It spit out the exact same sentence – but in what appears to be (the world’s worst) web site of U.S. News and World Report in a (maybe) news article attributed to “us,” but starting with an AP credit.  The only change is that the first sentence in the WSJ has become the second sentence in the USNWR.  As the third sentence in the quotation below shows, it is in some ways a personal take on a straight news story sourced to AP, but the USNWR’s web site refers to as being authored by “us.”  I trust you are as confused as I am.  The two pieces differ, but seem clearly to have been written by the same person about the same subject.

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William Black Tells the Ugly Truth!

Crossposted from www.richardmbowen.com

William K. Black, author of The Best Way to Rob a Bank Is to Own One: How Corporate Executives and Politicians Looted the S&L Industry, is a lawyer, academic, and a former bank regulator. He was formerly the litigation director of the Federal Home Loan Bank Board, deputy director of the Federal Savings and Loan Insurance Corporation (FSLIC), senior vice president and general counsel of the Federal Home Loan Bank of San Francisco, and senior deputy chief counsel of the Office of Thrift Supervision. Black was also deputy director of the National Commission on Financial Institution Reform, Recovery and Enforcement.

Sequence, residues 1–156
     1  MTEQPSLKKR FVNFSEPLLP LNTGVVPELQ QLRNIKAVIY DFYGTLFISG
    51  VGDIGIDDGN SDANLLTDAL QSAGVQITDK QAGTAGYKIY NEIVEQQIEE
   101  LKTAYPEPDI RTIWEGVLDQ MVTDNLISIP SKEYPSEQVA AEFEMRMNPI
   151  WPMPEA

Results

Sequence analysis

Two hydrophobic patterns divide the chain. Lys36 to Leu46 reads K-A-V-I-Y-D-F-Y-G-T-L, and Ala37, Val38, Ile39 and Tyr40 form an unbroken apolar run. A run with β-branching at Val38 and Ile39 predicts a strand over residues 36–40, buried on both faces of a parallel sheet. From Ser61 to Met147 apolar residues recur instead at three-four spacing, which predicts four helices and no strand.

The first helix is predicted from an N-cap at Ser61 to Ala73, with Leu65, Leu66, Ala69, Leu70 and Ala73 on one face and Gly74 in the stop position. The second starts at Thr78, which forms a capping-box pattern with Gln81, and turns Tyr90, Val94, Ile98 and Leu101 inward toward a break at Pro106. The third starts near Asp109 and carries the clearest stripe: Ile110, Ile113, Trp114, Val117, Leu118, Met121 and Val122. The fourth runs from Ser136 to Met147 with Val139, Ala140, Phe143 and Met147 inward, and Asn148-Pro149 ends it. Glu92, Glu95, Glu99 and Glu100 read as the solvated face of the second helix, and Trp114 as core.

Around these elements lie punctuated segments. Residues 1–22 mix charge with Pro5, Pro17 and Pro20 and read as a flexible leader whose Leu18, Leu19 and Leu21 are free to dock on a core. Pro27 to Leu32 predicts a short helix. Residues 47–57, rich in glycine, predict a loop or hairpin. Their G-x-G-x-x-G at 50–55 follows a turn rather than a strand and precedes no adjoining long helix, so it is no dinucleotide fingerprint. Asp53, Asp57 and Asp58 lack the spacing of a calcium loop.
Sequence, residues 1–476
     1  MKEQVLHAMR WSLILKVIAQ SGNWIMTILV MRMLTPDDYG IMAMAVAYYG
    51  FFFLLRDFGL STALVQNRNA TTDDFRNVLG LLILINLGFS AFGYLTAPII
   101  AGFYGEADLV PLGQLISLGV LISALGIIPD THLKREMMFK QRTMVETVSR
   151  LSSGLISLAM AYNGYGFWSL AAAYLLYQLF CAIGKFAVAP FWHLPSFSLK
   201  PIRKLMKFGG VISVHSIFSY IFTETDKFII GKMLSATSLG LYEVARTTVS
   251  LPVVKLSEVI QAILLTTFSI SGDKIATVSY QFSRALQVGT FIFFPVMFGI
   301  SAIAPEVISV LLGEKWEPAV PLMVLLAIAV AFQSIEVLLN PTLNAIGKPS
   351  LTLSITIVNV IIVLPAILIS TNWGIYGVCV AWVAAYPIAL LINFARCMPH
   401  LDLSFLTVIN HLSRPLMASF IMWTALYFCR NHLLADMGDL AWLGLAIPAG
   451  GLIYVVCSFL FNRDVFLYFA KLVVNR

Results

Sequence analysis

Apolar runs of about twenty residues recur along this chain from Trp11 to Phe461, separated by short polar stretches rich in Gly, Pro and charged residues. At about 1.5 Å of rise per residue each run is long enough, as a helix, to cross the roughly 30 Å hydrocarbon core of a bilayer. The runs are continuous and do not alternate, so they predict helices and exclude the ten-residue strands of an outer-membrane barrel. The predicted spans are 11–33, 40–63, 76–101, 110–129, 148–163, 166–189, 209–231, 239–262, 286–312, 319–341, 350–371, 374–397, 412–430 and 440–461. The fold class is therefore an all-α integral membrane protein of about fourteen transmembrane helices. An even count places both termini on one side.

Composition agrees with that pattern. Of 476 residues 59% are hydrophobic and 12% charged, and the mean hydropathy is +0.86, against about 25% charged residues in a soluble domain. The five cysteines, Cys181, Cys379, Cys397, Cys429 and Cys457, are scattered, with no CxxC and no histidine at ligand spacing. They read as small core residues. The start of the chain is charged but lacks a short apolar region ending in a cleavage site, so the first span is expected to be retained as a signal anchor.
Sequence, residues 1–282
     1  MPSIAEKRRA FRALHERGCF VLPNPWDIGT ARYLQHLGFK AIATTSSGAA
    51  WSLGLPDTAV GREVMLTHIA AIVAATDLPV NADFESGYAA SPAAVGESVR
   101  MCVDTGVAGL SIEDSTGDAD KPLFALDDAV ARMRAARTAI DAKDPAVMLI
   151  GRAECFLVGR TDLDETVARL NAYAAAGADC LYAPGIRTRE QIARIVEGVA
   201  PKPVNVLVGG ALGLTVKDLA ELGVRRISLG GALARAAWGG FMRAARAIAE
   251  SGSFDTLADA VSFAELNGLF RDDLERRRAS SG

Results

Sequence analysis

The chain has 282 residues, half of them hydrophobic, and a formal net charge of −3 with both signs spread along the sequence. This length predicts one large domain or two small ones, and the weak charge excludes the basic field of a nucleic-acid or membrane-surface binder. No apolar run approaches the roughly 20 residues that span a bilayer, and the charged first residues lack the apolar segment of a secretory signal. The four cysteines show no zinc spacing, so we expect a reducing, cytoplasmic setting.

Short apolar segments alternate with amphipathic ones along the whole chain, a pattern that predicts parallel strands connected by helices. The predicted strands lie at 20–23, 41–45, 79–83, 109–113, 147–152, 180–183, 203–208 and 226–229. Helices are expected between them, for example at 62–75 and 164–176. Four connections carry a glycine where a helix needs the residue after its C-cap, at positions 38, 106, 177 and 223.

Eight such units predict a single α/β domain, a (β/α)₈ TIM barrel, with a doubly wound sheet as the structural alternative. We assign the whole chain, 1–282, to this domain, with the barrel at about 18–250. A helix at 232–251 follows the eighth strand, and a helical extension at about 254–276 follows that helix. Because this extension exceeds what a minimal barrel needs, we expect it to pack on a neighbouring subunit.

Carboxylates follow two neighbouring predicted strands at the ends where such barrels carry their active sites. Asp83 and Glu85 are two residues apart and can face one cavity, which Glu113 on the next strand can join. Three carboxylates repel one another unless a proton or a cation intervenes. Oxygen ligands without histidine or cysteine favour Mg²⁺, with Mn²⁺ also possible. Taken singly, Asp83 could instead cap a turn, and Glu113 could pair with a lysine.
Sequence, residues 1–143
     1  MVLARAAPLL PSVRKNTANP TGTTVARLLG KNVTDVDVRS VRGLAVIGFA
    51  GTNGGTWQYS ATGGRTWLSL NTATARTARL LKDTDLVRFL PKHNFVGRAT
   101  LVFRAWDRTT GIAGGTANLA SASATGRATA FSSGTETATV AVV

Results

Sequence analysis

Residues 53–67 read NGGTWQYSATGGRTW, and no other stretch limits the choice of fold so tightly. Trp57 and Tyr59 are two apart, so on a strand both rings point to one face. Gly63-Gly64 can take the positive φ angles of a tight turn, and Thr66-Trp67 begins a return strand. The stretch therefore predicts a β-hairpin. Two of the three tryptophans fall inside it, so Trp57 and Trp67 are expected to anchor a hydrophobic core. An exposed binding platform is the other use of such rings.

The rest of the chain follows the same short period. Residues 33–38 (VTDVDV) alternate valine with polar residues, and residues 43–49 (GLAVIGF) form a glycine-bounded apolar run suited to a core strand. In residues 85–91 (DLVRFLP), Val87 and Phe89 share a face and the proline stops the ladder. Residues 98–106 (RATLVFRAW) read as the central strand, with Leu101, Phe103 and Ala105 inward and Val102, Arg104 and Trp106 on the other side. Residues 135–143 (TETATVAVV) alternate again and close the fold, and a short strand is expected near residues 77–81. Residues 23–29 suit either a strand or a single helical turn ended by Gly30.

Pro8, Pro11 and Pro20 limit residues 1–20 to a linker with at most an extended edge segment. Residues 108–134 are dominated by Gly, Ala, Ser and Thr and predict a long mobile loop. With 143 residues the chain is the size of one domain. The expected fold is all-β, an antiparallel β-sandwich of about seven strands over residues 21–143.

Black was a central figure in exposing Congressional corruption during the Savings and Loan Crisis. He took the notes during the Keating Five meeting that were later published in the press, and brought the event to national attention and a congressional investigation. Looks as if he had a hit put out on him for his pains!

According to Bill Moyers, “The former Director of the Institute for Fraud Prevention now teaches Economics and Law at the University of Missouri, Kansas City. During the savings and loan crisis, it was Black who accused then-house speaker Jim Wright and five US Senators, including John Glenn and John McCain, of doing favors for the S&L’s in exchange for contributions and other perks. The senators got off with a slap on the wrist, but so enraged was one of those bankers, Charles Keating — after whom the senate’s so-called “Keating Five” were named — he sent a memo that read, in part, ‘get Black — kill him dead.’ Metaphorically, of course. Of course.” Continue reading

Archaic Laws Revived with Homophobic Intent in Indiana and Arkansas

The latest episode of the Bill Black report on The Real News Network. Bill talks with Sharmini about the religious freedom bills in Indiana and Arkansas. “Its a bill where they dare not speak its purpose or state its goal.” Transcript if available at therealnews.com.

The Wall Street Journal Applauds Homophobia

By William K. Black
Quito: April Fools’ Day 2015